For the first time ever, the price of one bitcoin has surpassed the price of used 1990 Honda Ballade sedans.
While today’s swap can be attributed to a good day for bitcoin (up ~3%) and a bad day aging Japanese car owners, the big picture is that bitcoin has more than doubled in the last year (up ~185% from a year ago) while Hondas are essentially trading exactly at the price you would expect them to.
— Werner van Rooyen 🌀 (@werneravr) March 3, 2017
OK, if not clear by now, it’s a reference to all the news about Bitcoin now surpassing the price of gold. Which is true, but also absolutely meaningless. The price of Bitcoin has surpassed many other things: a bottle of still water, a 5kg bag of potatoes and the price of a Google share. It doesn’t mean it’s “worth more” than water or Google or potatoes.
Whereas there are certain similarities between gold and bitcoin (scarcity, store of value, alternative asset class), the comparison is completely arbitrary. The instruments aren’t correlated in any way.
I’ll concede that gold is the most common alternative asset class and that many Bitcoiners hope and believe that Bitcoin will at some stage in future replace it or, at the very least, take just 5% of the global share gold currently holds.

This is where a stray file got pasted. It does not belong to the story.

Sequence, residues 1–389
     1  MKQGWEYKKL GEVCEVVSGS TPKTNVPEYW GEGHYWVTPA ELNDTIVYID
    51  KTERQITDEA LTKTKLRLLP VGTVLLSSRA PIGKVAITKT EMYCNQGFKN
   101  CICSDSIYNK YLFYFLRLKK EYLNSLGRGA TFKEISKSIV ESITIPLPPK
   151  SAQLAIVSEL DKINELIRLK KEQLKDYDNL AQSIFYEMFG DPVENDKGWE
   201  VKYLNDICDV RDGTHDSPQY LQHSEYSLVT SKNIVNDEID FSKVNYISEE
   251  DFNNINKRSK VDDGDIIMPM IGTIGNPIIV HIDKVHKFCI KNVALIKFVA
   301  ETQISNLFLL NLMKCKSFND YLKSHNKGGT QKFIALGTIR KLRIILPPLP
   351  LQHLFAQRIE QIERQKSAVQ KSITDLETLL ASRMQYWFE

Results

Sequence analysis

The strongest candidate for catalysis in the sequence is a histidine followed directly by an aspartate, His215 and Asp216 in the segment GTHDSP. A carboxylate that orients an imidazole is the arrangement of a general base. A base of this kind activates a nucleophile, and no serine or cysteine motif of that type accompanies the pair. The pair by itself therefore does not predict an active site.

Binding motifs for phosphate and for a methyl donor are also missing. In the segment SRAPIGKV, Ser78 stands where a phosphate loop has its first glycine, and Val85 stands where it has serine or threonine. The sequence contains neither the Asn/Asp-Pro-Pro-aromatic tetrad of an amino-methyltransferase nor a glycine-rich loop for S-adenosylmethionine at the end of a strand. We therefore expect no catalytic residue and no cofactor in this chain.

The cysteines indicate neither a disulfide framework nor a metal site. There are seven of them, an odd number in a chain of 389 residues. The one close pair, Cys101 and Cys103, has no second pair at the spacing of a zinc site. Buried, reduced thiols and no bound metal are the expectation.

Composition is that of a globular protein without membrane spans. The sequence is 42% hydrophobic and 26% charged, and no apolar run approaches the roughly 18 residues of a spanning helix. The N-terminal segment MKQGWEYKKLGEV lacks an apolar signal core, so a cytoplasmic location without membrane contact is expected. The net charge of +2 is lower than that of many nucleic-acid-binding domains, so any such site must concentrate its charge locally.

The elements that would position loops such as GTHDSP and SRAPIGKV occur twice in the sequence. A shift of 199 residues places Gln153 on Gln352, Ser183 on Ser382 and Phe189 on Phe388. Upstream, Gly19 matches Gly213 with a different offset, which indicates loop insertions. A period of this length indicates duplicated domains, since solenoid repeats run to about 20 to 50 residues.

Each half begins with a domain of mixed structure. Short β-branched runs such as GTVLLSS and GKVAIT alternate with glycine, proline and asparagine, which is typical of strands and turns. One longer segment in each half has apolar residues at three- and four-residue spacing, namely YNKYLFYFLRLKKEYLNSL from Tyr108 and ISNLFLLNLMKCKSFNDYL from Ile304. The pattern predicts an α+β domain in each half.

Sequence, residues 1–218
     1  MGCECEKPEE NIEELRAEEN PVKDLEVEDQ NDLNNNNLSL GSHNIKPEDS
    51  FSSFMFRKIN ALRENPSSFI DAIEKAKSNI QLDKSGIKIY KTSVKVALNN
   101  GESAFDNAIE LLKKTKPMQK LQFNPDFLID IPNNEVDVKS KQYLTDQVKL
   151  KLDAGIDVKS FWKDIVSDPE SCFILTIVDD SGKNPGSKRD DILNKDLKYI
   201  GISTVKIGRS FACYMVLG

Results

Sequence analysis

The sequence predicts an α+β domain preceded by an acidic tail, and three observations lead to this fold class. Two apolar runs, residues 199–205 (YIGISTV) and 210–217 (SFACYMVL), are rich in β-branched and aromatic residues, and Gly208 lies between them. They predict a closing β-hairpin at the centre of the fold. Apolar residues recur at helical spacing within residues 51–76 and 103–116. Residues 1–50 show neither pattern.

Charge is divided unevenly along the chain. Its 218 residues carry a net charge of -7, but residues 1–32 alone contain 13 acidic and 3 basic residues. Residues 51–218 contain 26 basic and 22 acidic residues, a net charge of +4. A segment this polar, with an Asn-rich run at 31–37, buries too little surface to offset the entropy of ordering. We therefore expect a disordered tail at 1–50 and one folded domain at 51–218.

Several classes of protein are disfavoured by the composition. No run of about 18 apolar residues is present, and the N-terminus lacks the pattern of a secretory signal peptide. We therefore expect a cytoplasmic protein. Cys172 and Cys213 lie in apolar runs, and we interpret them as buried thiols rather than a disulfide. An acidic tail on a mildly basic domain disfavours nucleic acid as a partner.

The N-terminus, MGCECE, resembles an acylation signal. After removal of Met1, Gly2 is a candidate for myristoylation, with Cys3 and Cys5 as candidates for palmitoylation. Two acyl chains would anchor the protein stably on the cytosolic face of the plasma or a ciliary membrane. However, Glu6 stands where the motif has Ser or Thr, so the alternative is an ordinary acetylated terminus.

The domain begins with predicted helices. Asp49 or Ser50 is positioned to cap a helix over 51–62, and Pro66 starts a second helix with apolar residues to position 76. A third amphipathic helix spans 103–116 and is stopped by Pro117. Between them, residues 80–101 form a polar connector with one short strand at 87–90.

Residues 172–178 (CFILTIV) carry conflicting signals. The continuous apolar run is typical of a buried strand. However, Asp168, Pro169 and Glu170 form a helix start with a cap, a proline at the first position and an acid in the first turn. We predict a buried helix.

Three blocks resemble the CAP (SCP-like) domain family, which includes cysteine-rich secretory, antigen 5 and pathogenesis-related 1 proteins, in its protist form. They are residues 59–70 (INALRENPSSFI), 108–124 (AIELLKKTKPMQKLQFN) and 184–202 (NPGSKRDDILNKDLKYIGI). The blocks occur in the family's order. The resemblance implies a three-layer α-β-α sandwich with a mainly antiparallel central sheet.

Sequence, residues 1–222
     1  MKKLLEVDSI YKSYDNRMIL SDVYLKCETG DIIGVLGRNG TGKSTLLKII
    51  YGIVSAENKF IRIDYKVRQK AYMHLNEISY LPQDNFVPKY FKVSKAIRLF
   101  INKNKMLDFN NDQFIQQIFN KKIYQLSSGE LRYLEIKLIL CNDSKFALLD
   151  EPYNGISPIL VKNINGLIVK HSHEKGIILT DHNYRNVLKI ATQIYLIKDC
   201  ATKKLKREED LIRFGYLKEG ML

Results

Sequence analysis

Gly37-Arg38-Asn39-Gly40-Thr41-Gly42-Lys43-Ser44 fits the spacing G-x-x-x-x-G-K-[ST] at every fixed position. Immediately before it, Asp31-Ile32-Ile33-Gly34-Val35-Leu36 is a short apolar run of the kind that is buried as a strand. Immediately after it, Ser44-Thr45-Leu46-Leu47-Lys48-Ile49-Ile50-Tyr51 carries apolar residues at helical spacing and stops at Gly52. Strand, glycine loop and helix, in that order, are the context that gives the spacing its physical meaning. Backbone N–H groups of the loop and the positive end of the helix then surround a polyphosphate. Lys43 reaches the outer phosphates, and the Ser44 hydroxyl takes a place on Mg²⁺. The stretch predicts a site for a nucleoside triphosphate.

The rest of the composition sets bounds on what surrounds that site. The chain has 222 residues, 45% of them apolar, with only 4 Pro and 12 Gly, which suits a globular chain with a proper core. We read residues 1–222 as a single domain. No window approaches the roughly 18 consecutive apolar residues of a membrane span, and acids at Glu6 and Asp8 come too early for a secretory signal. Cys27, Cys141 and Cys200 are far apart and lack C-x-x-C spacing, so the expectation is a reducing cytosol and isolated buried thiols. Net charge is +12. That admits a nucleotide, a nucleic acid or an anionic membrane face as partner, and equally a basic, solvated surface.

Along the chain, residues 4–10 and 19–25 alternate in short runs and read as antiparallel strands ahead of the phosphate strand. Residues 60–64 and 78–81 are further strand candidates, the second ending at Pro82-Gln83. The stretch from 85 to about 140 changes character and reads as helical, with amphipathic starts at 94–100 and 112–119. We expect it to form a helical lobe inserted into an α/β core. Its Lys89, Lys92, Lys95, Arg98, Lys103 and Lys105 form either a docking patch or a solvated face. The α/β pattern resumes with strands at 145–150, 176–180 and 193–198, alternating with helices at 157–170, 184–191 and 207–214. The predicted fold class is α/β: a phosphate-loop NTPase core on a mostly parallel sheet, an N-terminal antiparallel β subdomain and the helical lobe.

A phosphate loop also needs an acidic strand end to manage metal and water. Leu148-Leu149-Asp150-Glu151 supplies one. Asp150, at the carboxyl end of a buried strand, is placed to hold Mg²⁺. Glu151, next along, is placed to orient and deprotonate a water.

Quick maths: Gold currently has a market cap of around $7,411,895,583,305 USD at a price of $1,234 USD. There are currently 16,195,638 BTC in circulation, exchanging hands at $1,260 USD so it has a market cap of $20,406,503,880. If it held 5% of gold’s market cap, each coin would have traded at $22,882 USD right now.
Anyway, all of this is arbitrary. I’m 100% bullish on Bitcoin in the long term, but not due to the current news hype cycle. Bitcoin isn’t “worth more” than gold in dollar terms (look at the market capitalisation links above). At least: not yet.
Bitcoin’s price has been rising a little too fast recently. Each and every time that happens, people go crazy and put all their money into it, it drives the price up too fast, the market corrects (with a sudden plummet) and everyone pronounces it dead (again).
It has been argued well by many others, but Bitcoin needs to become boring, stable and grow at a slow and steady pace to really disrupt the market, strictly speaking of it as an alternative asset class. It has already done that as a technology.